Buried in the documents created for Tacoma’s Minimum Wage Task Force is a report that demolishes the case for a $15 minimum wage — and bolsters the case for a less sexy alternative, the earned income tax credit.
The mayor’s task force wound up conflicted over recommendations to phase in either a $12 or a $15 minimum wage. On Tuesday, the Tacoma City Council picked the $12 option; it will appear on the November ballot alongside an initiative that would recklessly hike the minimum to $15 by January.
The $12 proposition could be seen as pragmatic risk management.
It’s not likely voters will buy into an overnight jump from the current $9.47 to $15; we doubt most Tacomans are gullible enough to believe in the magic money promised by the Marxist-flavored 15 Now movement.
In reality, the sudden explosion in labor costs — coupled with potential criminal penalties for employers — would leave many of the city’s small businesses reeling. Their low-wage employees would suffer as much as anyone.
Putting a $12 option on the ballot offers extra insurance that the punitive $15 won’t pass.
But if the goal is relieving poverty, the minimum wage itself is a blunt instrument. The reason: Many, if not most, people who make low wages have comfortable household incomes.
That may sound counterintuitive, but a lot of low-income workers live under high-income roofs. An affluent 16-year-old breaking into the work force, for example, or a college student supported by his parents. Sometimes it’s a spouse working part-time, or doing nonprofit work by choice.
One study used by the mayor’s task force was an analysis from the Puget Sound Regional Council, “Summary Characteristics of Tacoma Residents by Wages.” Based on Census data, it estimated that 62 percent of the city’s minimum wage earners had family incomes of $55,000 or more. A full third — 33.3 percent — lived in homes pulling in $100,000 or more.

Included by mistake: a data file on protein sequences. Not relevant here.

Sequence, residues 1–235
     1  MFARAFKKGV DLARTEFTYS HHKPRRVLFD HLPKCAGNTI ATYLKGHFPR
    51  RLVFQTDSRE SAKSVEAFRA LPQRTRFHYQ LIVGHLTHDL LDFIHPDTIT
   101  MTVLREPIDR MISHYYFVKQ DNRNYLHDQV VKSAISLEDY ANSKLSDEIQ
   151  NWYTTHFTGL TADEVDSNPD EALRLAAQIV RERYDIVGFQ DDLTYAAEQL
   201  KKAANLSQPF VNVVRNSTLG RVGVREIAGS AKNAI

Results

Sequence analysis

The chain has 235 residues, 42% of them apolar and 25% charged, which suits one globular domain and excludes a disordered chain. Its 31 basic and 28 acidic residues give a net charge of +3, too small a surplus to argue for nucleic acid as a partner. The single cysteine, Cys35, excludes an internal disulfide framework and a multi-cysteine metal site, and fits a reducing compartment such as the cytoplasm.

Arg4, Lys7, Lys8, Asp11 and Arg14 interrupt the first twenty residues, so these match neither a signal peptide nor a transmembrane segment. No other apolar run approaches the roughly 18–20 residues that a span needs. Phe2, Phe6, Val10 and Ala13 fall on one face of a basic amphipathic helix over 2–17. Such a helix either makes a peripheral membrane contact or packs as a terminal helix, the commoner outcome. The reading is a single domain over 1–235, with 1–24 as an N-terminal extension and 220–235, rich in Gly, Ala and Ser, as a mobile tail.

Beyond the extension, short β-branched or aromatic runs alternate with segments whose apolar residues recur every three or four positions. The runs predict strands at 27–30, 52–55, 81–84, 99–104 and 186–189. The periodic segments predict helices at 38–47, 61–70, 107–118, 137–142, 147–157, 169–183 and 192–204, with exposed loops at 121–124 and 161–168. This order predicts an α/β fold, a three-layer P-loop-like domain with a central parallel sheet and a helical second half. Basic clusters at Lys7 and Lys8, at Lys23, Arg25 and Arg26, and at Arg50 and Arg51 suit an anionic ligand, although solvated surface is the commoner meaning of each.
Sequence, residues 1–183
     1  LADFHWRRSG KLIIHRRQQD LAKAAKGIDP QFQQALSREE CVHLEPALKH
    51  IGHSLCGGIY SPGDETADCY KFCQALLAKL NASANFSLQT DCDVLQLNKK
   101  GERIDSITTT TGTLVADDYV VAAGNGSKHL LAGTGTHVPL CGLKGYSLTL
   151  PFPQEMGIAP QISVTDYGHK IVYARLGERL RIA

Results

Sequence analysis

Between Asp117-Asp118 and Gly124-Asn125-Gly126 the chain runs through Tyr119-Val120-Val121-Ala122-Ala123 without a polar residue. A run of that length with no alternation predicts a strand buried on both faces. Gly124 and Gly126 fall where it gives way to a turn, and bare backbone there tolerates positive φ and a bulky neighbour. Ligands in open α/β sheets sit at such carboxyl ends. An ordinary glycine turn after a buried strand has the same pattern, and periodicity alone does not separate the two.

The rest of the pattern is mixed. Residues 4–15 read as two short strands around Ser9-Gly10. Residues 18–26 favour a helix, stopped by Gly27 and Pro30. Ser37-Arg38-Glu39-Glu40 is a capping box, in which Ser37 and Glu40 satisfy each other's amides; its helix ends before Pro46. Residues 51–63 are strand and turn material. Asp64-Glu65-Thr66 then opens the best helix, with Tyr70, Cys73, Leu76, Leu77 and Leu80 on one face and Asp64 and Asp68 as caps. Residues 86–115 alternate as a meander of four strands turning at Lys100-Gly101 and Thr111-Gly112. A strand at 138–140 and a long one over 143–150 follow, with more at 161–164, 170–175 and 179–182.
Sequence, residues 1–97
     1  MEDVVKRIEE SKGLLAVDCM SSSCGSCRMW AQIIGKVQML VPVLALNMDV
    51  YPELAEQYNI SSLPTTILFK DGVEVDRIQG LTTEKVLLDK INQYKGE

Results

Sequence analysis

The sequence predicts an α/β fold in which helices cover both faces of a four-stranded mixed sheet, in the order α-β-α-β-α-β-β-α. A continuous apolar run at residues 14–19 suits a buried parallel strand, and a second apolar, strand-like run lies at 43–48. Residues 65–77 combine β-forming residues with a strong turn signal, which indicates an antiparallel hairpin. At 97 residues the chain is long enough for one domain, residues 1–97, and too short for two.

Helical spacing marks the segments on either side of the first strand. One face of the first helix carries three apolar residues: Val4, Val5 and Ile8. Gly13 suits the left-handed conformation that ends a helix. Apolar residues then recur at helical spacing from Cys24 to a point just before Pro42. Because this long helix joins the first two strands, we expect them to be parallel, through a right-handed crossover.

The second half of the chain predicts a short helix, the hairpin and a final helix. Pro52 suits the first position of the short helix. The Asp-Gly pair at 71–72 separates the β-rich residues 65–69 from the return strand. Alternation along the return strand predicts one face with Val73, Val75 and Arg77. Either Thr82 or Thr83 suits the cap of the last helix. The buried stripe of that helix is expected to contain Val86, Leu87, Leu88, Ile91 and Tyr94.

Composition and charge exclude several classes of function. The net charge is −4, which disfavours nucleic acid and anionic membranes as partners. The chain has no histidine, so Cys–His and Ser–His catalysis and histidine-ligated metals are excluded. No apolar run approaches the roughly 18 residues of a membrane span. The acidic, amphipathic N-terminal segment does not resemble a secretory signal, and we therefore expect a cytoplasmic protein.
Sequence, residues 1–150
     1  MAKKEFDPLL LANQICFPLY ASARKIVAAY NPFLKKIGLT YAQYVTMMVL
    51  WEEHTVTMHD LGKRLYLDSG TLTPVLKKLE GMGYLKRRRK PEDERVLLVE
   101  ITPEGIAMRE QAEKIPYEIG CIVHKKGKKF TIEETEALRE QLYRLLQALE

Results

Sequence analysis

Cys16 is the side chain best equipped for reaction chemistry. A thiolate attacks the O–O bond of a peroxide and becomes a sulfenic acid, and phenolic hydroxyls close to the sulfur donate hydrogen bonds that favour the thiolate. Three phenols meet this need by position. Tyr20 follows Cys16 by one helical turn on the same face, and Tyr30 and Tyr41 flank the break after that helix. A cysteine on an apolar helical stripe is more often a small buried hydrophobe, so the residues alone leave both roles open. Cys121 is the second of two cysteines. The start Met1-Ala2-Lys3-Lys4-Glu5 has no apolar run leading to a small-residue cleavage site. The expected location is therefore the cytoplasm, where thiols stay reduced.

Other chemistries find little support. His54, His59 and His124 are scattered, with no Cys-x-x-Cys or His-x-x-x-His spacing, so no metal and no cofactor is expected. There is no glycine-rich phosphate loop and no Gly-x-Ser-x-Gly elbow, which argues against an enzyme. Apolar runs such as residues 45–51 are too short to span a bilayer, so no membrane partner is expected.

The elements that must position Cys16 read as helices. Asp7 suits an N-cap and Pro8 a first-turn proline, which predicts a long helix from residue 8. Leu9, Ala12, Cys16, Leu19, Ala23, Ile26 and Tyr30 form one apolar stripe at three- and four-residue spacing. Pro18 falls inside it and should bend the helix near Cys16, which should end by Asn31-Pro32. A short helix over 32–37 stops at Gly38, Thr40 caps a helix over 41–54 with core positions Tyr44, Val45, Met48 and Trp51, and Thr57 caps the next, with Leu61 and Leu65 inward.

In the next tier of low-wage workers — those who earn up to $15 an hour — 73.1 percent had household incomes exceeding $55,000. Of those, 36 percent had family incomes of $100,000 or more.
Caveat: These were 2007 numbers. Still, they’re strong evidence that a hefty percentage of low-wage workers aren’t struggling in poverty.
But some of them are struggling in poverty. The federal earned income tax credit is designed to help them. The EITC is a kind of reverse income tax: Instead of writing checks to the IRS, low-income workers get checks to augment their wages. Washington State theoretically has a matching program, the Working Families Tax Rebate, but hasn’t funded it.
Expanding income tax credits makes far more sense than high minimum wages.
The EITC delivers the money exclusively to the poor, not the middle class. It doesn’t discourage job creation. It doesn’t impose disproportionate burdens on small businesses and charities, which tend to pay lower wages. It doesn’t disqualify poor families from food stamps and other means-tested welfare benefits.
What it lacks is sizzle. It has a low profile. No one chants, “EITC now!” It doesn’t buy the loyalty of unions and activist groups.
It’s merely the most effective and generous way to help the working poor.